- Paying for the Party: How College Maintains Inequality by Elizabeth A. Armstrong, Laura T. Hamilton
In April 2013, local and national media outlets posted reports concerning a party thrown by the Kappa Delta sorority at Indiana University (Bloomington)—a party that proved memorable for all of the wrong reasons. While it was unclear exactly when this event took place, pictures and reports had surfaced from their recent homeless-themed party. According to Shari Rudavsky (2013) in a story that ran in USA Today, members dressed in torn clothes and smeared dirt on themselves. Some members even posed with signs reading “Why Lie, It’s For Booze: Homeless, Need $ and Prayers,” and “Give Me a Nickel and I’ll Tickle your Pickle” (Baker, 2013). After being condemned by the sorority’s national office, local president Aubrey McMahon posted a less than convincing apology on her chapter’s website.
While this event understandably fostered outrage, Elizabeth A. Armstrong and Laura T. Hamilton, the authors of Paying for the Party: How College Maintains Inequality, would likely contend that we should not be surprised. These faculty members, respectively at the University of Michigan and the University of California (Merced), argue that the “party pathway” is firmly in place at flagship, public universities such as Indiana. As they define it, “the party pathway is provisioned to support the affluent and socially oriented” (p. 15) This pathway also chokes off access to other critical pathways on campus—for example, “the mobility pathway is designed for the pragmatic and professionally oriented” (p. 15)—for the majority of students. Worst of all, Armstrong and Hamilton convincingly argue that “the party pathway is built around an implicit agreement between the university and students to demand little of one another” (p. 15).
Persuasive and much needed, Armstrong and Hamilton’s exploration of the roots of these insidious challenges, however, falls short. Their underdeveloped anthropological assumptions fail to muster a critique capable of truly challenging the behavior of Indiana University’s Kappa Delta sorority and the comparable, or even worse, behavior of other Greek organizations. The underlying challenge is that Armstrong and Hamilton predominantly view students as economic selves or agents and colleges as means to advance financial prosperity. Remarks offered in their last chapter may reflect a need to talk about students in larger terms but also an inability to do so.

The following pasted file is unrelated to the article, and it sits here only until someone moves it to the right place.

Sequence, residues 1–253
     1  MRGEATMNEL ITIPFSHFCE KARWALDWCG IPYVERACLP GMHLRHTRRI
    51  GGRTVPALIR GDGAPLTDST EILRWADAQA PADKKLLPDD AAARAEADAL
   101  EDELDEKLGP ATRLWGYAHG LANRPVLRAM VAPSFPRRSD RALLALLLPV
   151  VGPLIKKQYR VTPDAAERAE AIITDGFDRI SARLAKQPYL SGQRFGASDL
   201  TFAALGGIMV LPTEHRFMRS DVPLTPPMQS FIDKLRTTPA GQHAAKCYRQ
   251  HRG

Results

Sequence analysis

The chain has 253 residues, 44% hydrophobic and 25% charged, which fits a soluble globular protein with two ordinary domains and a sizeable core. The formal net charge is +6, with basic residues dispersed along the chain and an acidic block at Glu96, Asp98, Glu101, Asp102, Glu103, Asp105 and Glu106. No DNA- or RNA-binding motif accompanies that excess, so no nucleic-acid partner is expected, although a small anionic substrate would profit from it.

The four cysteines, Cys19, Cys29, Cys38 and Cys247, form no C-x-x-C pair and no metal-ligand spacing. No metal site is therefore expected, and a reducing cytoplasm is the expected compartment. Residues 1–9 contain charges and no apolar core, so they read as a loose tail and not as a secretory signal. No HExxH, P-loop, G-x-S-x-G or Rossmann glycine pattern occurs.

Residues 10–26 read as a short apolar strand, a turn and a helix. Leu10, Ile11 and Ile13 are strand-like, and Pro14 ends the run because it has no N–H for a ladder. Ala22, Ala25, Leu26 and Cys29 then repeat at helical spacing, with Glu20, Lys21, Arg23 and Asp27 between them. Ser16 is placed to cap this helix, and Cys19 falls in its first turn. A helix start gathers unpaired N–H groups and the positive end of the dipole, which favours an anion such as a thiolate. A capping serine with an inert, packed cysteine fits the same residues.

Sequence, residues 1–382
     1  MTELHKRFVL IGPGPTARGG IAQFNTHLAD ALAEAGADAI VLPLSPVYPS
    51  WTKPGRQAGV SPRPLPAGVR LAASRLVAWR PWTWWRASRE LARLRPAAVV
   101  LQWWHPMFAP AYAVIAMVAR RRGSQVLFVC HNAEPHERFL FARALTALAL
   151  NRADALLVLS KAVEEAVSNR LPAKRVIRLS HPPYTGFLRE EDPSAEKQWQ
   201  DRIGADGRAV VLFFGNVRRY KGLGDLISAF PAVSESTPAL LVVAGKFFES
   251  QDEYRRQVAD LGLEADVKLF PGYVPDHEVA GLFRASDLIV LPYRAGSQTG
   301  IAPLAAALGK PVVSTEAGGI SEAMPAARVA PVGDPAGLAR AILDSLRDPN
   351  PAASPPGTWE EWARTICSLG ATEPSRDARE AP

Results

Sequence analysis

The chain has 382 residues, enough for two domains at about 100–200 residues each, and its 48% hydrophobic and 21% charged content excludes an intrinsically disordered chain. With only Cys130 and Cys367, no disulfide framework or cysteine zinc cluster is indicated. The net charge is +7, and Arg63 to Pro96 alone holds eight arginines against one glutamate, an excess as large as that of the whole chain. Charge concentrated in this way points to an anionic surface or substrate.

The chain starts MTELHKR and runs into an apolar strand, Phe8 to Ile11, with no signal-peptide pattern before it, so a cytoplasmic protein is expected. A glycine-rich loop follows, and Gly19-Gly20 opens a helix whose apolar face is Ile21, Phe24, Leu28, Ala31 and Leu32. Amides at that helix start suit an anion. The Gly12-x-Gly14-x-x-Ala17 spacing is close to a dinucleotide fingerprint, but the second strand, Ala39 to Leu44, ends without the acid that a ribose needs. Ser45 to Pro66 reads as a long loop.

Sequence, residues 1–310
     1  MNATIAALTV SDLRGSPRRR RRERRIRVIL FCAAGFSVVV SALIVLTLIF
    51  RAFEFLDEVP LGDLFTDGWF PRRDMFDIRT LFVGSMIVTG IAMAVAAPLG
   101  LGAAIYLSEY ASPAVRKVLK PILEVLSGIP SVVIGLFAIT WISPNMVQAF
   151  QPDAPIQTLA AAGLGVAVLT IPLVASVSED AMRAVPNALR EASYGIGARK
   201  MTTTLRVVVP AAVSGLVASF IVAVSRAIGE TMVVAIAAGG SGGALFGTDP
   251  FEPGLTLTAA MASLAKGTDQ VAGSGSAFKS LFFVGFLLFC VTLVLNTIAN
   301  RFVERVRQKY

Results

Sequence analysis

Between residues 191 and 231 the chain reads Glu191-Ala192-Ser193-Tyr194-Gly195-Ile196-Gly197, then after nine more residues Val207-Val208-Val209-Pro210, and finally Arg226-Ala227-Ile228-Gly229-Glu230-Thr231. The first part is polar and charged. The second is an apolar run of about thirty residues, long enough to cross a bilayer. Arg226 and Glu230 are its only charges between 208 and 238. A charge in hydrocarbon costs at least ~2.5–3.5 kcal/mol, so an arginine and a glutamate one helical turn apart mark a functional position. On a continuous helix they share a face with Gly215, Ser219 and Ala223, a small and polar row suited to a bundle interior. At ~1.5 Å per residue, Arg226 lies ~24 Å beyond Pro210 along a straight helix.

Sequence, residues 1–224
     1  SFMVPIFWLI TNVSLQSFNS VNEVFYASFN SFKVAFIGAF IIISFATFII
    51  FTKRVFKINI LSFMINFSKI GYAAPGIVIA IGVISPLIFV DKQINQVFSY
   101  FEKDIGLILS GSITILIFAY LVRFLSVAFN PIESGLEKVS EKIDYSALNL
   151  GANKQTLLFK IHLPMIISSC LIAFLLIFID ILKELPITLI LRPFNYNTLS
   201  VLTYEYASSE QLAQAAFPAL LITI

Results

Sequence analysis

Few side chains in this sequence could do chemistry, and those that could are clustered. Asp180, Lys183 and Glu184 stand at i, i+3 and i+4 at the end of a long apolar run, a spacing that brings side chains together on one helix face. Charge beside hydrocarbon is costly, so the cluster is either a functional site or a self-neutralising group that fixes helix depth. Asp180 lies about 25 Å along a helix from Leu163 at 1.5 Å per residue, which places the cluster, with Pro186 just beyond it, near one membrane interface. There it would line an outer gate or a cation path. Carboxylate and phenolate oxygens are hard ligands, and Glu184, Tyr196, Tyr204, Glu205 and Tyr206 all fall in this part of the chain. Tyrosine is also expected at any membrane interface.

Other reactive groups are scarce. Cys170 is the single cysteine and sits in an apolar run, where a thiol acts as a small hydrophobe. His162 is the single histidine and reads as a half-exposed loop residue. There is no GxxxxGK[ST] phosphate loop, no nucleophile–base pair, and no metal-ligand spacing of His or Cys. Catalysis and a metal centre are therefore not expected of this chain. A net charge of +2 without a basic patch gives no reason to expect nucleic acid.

Armstrong and Hamilton’s core argument is that “student experiences during college, and class trajectories at exit, are fundamentally shaped by the structure of academic and social life on campus” (p. 3). For better or worse, colleges are not neutral spaces. They leave their mark in both intended and unintended ways upon the students they claim to serve. Drawing on the research offered by economists and sociologists of stratification, Armstrong and Hamilton employ an ethnographic and qualitative approach to identify what they label as pathways upon which students travel during their time in college. These pathways may not prove to be the same on all campuses. The reason why Armstrong and Hamilton focus their efforts on the public, flagship university on one level is the sheer number of students they serve. Another reason is that these institutions claim to focus on creating opportunity for their respective states—an intention, Armstrong and Hamilton discover, that largely goes unfulfilled.
In order to collect the needed data, Armstrong and Hamilton boldly conducted “a five-year ethnographic and interview study” (p. 5) by taking up residence in a room located on the women’s floor in a residence hall historically known at this public, flagship university (identified simply as MU). This location gave them access to social opportunities— a methodological achievement that enables them to provide a robust level of detail and embedding us in a world we may not otherwise fully appreciate. One could also argue, however, that they were too invested in their own research to be able to see the challenges clearly. For example, at one point Armstrong notes that...